I think that one of the mistakes we are more prone to, along with the Culture War mentality, is the Chosen People mentality. This mindset has been at the root of much of the rejection of God’s will since Old Testament times. We spend so much time defending the Church, that we start to think that the Church owes us something, that the Church can’t act without our blessing, that the Church is some kind of shared property.
Our defense of the Church is a noble effort to be sure, but not necessary. God does not need us to defend Him. He does not owe us when we defend Him. On the contrary, we are just being “useless servants,” doing nothing more than what we ought to do (Lk 17:10).
In my previous article, I explained how I think those who follow Pope Francis and all the rest of Church doctrine are the true remnant. People might think these words of mine are presumptuous and proud. Not so. As I explained there, being a remnant is not an honor, but a responsibility. It is not something we earned, but something bestowed upon us. The remnant does not exist for its own sake, but to perform a function. What function? To show God’s mercy to sinners, including papal detractors. In fact, it is even more important to show mercy to those, in order to overwhelm them and “shame” them with that mercy they so constantly denigrate. If a person boasts of being a part of the remnant, that person has already shown not to be a part of the remnant. I sincerely think that this has been one of the crucial errors done by radical traditionalists.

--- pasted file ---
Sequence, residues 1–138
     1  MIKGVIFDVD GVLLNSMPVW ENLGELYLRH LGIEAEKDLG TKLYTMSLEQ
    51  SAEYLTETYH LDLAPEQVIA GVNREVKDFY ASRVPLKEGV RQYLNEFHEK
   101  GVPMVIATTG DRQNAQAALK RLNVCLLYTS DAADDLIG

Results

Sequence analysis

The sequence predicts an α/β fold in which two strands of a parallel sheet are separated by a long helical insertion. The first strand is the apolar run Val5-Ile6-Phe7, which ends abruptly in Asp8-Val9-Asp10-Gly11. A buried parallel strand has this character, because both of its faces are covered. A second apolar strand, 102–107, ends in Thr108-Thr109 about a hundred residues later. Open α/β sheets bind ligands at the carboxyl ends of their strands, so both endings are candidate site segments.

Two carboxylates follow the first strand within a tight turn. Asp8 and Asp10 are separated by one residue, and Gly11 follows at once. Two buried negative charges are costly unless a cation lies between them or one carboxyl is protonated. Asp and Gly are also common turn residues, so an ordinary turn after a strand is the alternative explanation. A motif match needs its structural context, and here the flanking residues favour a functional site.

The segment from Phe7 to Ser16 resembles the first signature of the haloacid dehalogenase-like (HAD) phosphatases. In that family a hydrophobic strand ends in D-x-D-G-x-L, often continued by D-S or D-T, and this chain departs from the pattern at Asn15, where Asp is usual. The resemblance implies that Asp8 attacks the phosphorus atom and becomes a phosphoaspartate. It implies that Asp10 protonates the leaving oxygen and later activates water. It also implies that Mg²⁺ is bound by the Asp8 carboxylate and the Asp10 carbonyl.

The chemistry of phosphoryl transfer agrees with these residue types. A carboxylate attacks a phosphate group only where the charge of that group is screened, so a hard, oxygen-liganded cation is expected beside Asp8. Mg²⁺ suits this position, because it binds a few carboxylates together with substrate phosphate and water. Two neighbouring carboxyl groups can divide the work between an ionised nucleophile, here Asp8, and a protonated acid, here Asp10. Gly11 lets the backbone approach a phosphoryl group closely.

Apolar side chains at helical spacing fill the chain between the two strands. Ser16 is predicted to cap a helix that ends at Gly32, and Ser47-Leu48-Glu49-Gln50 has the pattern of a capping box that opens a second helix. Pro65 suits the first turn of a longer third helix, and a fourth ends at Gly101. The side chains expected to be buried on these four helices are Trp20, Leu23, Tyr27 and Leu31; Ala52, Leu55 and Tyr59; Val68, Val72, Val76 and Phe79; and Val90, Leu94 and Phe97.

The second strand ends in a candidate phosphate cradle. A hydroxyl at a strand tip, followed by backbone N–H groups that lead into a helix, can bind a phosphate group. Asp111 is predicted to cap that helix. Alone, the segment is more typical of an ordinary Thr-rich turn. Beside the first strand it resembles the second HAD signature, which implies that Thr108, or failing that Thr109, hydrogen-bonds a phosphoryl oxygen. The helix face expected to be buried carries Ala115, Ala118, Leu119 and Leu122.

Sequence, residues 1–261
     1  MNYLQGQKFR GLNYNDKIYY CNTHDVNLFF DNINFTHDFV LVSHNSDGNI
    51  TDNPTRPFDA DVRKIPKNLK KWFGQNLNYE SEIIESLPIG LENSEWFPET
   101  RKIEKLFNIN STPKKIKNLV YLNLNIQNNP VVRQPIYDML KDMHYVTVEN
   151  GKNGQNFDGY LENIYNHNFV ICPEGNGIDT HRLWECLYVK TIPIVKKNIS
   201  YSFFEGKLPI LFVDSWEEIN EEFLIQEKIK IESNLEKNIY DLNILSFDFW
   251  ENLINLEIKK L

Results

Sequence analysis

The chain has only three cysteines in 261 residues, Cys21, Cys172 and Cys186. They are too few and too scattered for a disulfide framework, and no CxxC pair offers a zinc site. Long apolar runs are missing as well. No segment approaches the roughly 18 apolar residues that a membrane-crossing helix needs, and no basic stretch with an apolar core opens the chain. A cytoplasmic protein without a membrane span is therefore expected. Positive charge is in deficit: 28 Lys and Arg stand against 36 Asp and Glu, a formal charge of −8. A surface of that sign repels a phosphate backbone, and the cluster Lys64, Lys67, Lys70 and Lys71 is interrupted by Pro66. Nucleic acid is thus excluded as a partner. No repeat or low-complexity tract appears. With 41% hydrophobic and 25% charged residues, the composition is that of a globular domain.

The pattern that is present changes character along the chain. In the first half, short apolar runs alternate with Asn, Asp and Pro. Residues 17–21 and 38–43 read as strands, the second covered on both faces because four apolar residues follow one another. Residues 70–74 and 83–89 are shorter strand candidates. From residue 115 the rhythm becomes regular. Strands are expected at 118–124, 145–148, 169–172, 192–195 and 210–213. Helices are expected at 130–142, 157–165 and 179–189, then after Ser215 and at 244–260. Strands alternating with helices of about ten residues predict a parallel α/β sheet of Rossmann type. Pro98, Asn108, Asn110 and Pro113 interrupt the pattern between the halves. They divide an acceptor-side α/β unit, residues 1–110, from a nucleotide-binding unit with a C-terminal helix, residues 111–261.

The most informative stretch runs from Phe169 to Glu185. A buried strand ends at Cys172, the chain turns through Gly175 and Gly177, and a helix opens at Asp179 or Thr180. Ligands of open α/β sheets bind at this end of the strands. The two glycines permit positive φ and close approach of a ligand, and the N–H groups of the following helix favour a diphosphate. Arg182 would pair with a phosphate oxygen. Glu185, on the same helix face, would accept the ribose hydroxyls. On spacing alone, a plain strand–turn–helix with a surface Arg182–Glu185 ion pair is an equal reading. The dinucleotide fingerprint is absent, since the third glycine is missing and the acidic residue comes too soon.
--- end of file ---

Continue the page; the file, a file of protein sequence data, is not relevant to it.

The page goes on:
Another part of being humble means that we should accept diversity within the Church, even (or especially) the diversity we do not understand or do not agree with. The Catholic Church has a variety of legitimate liturgies, and this includes the Extraordinary Form of the Roman Rite. To accept (and even celebrate) this diversity and not to impose on others our own liturgical preferences is also extremely Catholic (meaning “universal“). Only the Pope and bishops in communion with him have the authority to set the limits of what is liturgically acceptable or not. And they have stated that the Extraordinary Form remains legitimate. In fact, according to Benedict, it “was never abrogated.“
In the end, how should we behave when we encounter a radical traditionalist? Humility must force us to admit we do not have an all-encompassing answer for that. In the beginning of this article I decried the labeling of people, and I stand by that assertion. Each person is an individual and therefore, our evangelization should be tailored accordingly. This is the logic of AL, and it should permeate our ministry.
I think it would be worth it to finalize with C.S. Lewis’ “Apologist’s Prayer“:
” From all my lame defeats and oh! much more
From all the victories that I seemed to score;
From cleverness shot forth on Thy behalf
At which, while angels weep, the audience laugh;
From all my proofs of Thy divinity,
Thou, who wouldst give no sign, deliver me.
Thoughts are but coins. Let me not trust, instead
[of Thee, their thin-worn image of Thy head.
From all my thoughts, even from my thoughts of Thee,
O thou fair Silence, fall, and set me free.
Lord of the narrow gate and the needle’s eye,
Take from me all my trumpery lest I die”
[Photo: Pope Francis celebrating Mass ad orientem at the Sistine Chapel; credits: AFP]
Pedro Gabriel, MD, is a Catholic layman and physician, born and residing in Portugal. He is a medical oncologist, currently employed in a Portuguese public hospital. A published writer of Catholic novels with a Tolkienite flavor, he is also a parish reader and a former catechist. He seeks to better understand the relationship of God and Man by putting the lens on the frailty of the human condition, be it physical and spiritual. He also wishes to provide a fresh perspective of current Church and World affairs from the point of view of a small western European country, highly secularized but also highly Catholic by tradition.